“I just knew I could make them without screwing it up. That’s a very important criteria for me,” says Liquor.com contributor Kara Newman about what drew her to equal-parts cocktails, like the Negroni and 50/50 Martini. Ultimately that became the angle for her new book, Shake. Stir. Sip. (Chronicle Books, $17), which debuts September 20.
A gorgeous collection of 50 easy-to-memorize cocktail recipes and droolworthy full-page photographs, it’s a must-have for every cocktail enthusiast and party host. Unlike with most recipes found in countless other cocktail books, apps and websites out there, even the jigger-averse can pull these off. Each is made up of ingredients measured in equal amounts. Newman’s right: There’s really no way you can mess it up.
50/50 Martini (image: John Lee)
Not to say there’s no such thing as a bad equal-parts cocktail. “The equal-parts Sidecar is a tough thing to drink,” says Newman. “And an equal parts Blood & Sand is one of the worst things ever; it’s undrinkable.”
The author, a stickler for recipe testing, R&D’d 100 recipes to insure they were good enough for the book. “It drives me crazy when a recipe doesn’t work, especially if it’s in a book. I feel like people are paying a lot of money for books and they deserve to have recipes work.” So know that the 50 here are the good ones.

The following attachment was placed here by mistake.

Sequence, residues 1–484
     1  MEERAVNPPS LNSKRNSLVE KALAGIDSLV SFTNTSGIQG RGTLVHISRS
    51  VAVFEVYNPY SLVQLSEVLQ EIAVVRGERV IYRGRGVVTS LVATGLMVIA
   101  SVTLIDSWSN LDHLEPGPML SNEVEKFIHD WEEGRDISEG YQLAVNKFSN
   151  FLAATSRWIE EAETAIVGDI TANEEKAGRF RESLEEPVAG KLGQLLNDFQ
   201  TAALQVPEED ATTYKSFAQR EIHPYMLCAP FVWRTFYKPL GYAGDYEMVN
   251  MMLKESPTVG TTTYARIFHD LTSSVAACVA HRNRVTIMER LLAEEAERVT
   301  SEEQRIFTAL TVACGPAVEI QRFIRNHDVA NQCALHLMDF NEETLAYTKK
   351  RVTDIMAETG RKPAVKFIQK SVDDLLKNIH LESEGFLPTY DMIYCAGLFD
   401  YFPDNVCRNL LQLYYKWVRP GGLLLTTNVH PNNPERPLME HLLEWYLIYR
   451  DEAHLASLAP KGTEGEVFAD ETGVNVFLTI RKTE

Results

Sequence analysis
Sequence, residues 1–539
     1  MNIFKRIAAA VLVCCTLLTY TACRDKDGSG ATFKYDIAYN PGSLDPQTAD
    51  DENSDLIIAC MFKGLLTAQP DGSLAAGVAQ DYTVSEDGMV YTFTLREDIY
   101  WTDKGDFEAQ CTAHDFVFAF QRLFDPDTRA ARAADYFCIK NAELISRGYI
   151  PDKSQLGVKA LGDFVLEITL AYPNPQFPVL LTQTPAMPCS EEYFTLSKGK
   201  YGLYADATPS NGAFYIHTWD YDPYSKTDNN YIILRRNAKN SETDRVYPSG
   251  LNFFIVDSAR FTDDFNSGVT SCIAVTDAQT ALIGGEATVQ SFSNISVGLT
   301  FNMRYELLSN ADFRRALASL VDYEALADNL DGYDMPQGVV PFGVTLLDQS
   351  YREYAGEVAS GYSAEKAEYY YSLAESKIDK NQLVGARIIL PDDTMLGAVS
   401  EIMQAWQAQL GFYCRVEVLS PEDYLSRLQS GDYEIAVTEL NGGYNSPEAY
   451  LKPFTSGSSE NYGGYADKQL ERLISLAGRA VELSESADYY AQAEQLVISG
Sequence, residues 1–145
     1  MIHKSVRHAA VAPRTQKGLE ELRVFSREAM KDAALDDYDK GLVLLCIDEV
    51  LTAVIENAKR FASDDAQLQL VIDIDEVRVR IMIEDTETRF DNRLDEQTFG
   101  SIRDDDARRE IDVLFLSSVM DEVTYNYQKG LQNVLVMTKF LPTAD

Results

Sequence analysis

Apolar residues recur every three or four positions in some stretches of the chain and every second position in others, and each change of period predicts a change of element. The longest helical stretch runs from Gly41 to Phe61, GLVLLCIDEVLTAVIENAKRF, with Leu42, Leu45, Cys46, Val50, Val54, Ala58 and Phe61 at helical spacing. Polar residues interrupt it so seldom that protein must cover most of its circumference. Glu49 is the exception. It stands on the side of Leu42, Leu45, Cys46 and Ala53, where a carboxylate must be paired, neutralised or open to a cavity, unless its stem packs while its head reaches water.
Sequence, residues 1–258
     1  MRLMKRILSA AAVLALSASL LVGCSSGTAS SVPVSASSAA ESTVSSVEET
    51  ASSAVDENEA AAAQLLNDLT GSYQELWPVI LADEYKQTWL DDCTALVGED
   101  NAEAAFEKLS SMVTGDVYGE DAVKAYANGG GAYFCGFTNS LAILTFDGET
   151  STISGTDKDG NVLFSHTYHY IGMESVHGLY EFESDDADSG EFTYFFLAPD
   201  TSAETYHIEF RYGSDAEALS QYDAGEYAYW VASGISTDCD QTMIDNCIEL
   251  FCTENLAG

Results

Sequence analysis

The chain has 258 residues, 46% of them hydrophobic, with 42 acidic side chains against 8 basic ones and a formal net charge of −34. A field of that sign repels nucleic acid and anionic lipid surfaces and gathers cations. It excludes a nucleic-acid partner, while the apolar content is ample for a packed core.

Kara Newman (image: Daryl-Ann Saunders)
“Equinox drinks,” as nicknamed by Houston bartender Bobby Heugel, are perfect in the case of an emergency, like for a last-minute cocktail party or when thirsting for something other than the usual. Keep it simple with two ingredients like the 50/50 Martini, or go crazy with a five-ingredient rum punch.
But easy recipes aren’t indicative of a dumbed-down tome. “I felt very strongly that this shouldn’t be a 101-type book,” says Newman. “It’s for someone who maybe hasn’t made a lot of drinks but they know what they like and they have a very sophisticated palate.”
Negroni (image: John Lee)
Along with the recipes, the book possesses just about everything the home bartender needs to build their own drink den. Newman effectively breaks down stocking an equal-parts bar so you don’t make the rookie mistake of buying more than you need to. Either stick within your budget with must-have ingredients like whiskey, amaro, and sweet vermouth, or expand your drink repertoire with the nice-to-have stuff like mezcal, Cynar and sherry.
There are even easy recipes for brandying your own cherries, as well as batching bottled cocktails and punch bowls for a party.
Even though the book is written in such an easy-to-follow way for beginner home bartenders, those who’ve long established themselves as the consummate host will continue to refer to it for years. Plus it’s beautiful enough to sit on your coffee table.